This week was an interesting essential question, “Explain and give examples to argue why the following statement is true or false: “Get the right people on your team, and get the wrong ones off.” I can see how it can be true or false. We can get people off our team for the wrong reasons or we can keep people for the wrong reasons. The most important point I thought about this question is that we can’t make this a hasty stance. As teachers we are contracted into our job for at least a year and as a leader we don’t choose our students. I went with the surviving stance of having to live with the wrong people on our team. Are they really the wrong people? Or do we need to just learn from the experience. Sometimes we don’t like people because they have a behavior that resembles something we don’t like about ourselves.

Many of the papers I read pointed out that the wrong people would be those who don’t fight for the same cause, which is a good deciding factor of whether they are right for the team or not. I like how Ali had decided that the statement could be either true or false. She also pointed out that many teachers choose to be professional and do the right thing regardless of the strength of the principal. I know I would and I have worked with colleagues that stated the same when we were going through principals. Cindy has a great point of diversity and the non-team players should find a more appropriate team. We should all be working for a moral purpose and this purpose should be close to the same.

As for twitter, I pointed out that there are those of us who will fight for our moral purpose regardless the principal strength or weakness. I know our staff of 70-100 in Hawaii stood for our moral purpose regardless to the turnover of four principals before settling on one of the teachers as principal. We kept having the principals change the rules and purpose. We decided to lay low and keep working hard regardless of the hardship they were creating. I believe if you want to stay employed you keep working hard regardless the changes. It was a tough two years that went quickly and our perseverance paid off. We had teachers with a poor attitude too, but it didn’t matter who came, that was their attitude and after five-six years the principal had one removed and the other moved on. Their attitude was ingrained; they had no intent on changing. I think it matters where the person is at in their head as to whether they will be moldable or not to a system they choose to be a part of.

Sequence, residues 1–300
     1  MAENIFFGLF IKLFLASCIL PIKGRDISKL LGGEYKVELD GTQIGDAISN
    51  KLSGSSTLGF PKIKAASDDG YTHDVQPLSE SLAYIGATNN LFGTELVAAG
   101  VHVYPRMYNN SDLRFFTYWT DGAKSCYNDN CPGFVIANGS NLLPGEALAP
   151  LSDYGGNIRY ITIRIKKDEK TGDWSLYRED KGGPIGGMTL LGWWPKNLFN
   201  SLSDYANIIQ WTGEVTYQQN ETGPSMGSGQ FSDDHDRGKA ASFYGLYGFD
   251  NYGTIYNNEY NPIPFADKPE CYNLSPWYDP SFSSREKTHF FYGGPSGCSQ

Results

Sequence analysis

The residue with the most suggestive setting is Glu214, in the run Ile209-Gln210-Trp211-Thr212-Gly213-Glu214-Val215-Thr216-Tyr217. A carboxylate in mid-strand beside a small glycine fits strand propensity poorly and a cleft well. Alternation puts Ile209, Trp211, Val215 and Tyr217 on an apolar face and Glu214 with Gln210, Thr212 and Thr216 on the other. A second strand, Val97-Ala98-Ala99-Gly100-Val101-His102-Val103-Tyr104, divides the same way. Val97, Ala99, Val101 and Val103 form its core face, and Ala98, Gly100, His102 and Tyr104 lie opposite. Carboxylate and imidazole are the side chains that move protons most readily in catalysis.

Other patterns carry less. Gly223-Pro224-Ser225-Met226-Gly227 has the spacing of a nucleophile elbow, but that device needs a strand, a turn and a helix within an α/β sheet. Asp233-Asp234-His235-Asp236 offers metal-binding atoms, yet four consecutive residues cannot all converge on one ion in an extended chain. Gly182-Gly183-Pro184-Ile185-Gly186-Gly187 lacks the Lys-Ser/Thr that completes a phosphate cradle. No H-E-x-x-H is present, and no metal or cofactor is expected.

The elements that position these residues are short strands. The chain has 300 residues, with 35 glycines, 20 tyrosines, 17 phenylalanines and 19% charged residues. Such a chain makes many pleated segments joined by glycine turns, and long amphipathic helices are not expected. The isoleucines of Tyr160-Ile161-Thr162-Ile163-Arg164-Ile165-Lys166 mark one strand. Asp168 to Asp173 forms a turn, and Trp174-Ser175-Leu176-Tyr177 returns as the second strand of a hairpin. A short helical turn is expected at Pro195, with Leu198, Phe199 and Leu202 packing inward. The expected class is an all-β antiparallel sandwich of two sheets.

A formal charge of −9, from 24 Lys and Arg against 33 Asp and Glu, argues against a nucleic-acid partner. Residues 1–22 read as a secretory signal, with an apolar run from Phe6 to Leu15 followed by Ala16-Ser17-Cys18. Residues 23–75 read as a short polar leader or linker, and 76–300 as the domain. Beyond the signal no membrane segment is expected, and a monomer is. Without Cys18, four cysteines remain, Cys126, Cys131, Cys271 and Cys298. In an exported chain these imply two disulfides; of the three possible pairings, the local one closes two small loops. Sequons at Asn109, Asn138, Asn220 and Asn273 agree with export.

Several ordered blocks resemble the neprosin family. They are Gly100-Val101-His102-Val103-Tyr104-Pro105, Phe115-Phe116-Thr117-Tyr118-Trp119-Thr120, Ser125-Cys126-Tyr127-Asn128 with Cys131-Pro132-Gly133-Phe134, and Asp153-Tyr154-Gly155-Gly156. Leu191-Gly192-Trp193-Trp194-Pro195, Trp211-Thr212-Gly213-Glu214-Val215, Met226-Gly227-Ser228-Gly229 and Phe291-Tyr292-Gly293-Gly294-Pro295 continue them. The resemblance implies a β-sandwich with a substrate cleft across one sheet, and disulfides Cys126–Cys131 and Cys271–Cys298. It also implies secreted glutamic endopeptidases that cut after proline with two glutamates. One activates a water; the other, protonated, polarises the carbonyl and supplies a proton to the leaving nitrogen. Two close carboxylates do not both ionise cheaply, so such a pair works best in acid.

Get the right people on your team, and get the wrong ones off! EDET 668 Week 10

As a Leader we would love to lighten our load and shrug off the trouble from our lives. If we have a choice to pick members that is going to be on our team we would favor a certain type, which would lack a skill we would need. To sacrifice this harmony we have to have a variety of types to ensure talent of all types. Reality is, as a teacher, we don’t get to pick our peers nor do we pick our audience. We have to learn how to get along with our peers and our students. We are contracted into our positions for at least a year so we need to be prepared to survive it. If we can learn the right skills we can teach our students how to not just survive, but turn adversity into a positive.

When you don’t like someone they can tell and the repercussions aren’t worth the pain it will bring. Peter Bregman points out in his article, Working with People You Don’t Like, that people will eventually decide they don’t like you. As a leader this isn’t going to work for you. Bregman states, “It’s simple, really. The people you get along with will find ways to help you; the people you don’t get along with will find ways to obstruct you.” So, we really need to catch on to our emotions early and change our thinking. Bregman says that we could be just seeing ourselves in them and not liking it. He states, “. . . chances are, the reason you can’t stand that person in the first place, is that they remind you of what you can’t stand about yourself.” With self-reflection, we have to be real and search ourselves for what the real reasons are that we don’t like about them; are they reflecting us. Bregman goes on to say we need to get over what we don’t like about ourselves. I like how he summarized his article with, “. . . being compassionate with yourself is the key to being compassionate with others. Before you know it, you’ll actually begin to like people you never liked before. Maybe you’ll even feel like helping them run those meeting more productively.” This is a higher calling that many of us need to learn; we need to get over ourselves and step up to admit what we don’t like about ourselves and make peace with it.